To give you an idea on how to first get started, here are a few sample topics for your meetings:
The goal of the first meeting is to get to know each other. After going through the guidelines together and reviewing what each of you needs to make these meetings a safe space, share your desires or motivations for these gatherings. Share something about yourself that the other doesn’t already know to really get to know each other. The sooner you open up, the sooner a trusting dynamic will develop between the two of you.
What’s your why
Tell each other the story of why you chose your profession. What’s your vision for doing this important work in the world? How do you think your work contributes to your life’s mission? How does this work align with your values, or how does it not? Share with each other how that makes you feel.
Talk about what you’re grateful for in your work. Recall a specific moment from the last days and tell your listening partner about it. Share what you’re proud, and let them shower you with encouragement. Discuss if and how gratitude is part of your work culture and how it affects the atmosphere you create for yourself and others. Think of someone you’ve been grateful for recently, and reach out to them after your meeting to tell them how you feel.
Talk about what challenges you most in your professional role right now. What client makes you feel things you have yet to understand? What subject would you like to learn more about, so that you feel more confident in your work? This is also the place to talk about anything that makes you feel uncomfortable in your (solitary) work environment, a team, or possible business partners.
Talk about what boundaries are important for you and your mental health when it comes to your profession. Help each other keep the boundaries you’ve set for yourself — both at work and outside of it. This may mean evaluating specific situations that were difficult in terms of how you respected or ignored your own needs. At this meeting, help each other identify these needs and make an agreement to support each other in realizing them.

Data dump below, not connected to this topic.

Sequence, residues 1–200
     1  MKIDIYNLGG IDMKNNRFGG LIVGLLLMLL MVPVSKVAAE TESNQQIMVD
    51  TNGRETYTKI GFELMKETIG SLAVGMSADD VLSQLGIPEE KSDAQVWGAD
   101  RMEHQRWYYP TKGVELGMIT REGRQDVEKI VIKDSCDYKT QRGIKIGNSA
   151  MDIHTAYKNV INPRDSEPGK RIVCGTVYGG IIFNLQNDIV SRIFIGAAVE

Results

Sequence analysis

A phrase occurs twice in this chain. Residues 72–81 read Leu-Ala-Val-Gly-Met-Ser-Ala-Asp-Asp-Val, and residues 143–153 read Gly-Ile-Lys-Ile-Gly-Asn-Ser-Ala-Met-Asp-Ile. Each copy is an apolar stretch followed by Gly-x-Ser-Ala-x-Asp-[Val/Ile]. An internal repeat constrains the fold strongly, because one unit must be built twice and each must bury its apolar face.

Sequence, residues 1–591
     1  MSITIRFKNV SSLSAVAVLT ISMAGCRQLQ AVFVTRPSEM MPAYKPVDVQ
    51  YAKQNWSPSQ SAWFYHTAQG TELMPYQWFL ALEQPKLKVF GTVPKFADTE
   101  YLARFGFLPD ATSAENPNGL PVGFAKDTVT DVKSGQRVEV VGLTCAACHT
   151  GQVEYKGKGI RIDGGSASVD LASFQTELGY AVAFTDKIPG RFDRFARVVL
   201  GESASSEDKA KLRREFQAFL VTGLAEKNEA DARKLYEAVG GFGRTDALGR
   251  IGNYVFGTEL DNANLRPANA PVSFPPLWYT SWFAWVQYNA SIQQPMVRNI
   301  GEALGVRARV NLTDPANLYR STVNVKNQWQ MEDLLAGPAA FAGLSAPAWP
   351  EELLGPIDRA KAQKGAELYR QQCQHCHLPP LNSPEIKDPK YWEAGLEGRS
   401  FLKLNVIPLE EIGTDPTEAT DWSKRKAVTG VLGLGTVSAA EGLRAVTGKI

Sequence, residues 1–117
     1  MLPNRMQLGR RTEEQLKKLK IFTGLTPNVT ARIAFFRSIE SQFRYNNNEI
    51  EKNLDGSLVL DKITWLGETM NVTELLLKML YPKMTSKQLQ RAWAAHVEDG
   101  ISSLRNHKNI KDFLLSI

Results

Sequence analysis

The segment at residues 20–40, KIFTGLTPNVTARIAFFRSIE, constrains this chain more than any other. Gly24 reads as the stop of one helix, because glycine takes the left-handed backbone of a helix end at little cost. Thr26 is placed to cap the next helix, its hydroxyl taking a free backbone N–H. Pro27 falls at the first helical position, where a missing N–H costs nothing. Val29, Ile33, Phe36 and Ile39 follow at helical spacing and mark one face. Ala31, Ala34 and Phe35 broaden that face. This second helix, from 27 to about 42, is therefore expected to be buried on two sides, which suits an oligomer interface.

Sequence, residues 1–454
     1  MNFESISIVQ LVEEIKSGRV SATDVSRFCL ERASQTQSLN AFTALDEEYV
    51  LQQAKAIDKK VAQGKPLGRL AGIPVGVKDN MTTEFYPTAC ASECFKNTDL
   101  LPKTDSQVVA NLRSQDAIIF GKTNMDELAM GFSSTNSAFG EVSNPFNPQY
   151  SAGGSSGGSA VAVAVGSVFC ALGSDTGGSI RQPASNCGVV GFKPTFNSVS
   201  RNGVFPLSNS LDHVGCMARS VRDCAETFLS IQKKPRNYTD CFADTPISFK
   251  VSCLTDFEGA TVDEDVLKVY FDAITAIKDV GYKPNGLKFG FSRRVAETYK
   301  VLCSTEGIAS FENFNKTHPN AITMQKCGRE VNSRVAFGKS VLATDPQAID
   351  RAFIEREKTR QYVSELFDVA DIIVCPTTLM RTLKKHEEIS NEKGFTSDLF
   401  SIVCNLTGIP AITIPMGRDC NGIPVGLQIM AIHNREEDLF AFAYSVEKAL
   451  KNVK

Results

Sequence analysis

Lastly, check in regularly with each other to see if your needs have changed and if they’d like to adjust the structure of the meetings in one way or another.
Being a risk group
As mental health professionals, we’re a risk group for chronic stress, burnout and compassion fatigue. The number of tasks and responsibilities as well as the pain and suffering we witness daily are just some of the risk factors we face.
But we do have some freedom to decide how to spend our time, and what kind of boss we want to be to ourselves. We should use that freedom to the benefit of our own mental health.
If this approach resonates with you, reach out to someone in your community today. Share this post and ask if they’d like to become your listening partner.
Btw, when I asked my listening partner how she feels about our space, she said:
“Our weekly meeting is a blessing and brings me forward and more toward myself each time, both as a human and a nutritional therapist.”
I hope it’ll do the same for you.
The concept of the listening partnership is part of the bonus “Building your helper community” of the course “Present. Balanced. Whole. A self-care journey for people in helping professions” that teaches helpers how tend to their own needs before taking care of others.
If you’ve been pouring from an empty cup and are ready to prioritize your own mental and emotional health, or are looking for ways to prevent chronic stress, burnout, or compassion fatigue, head on over here to learn about the course.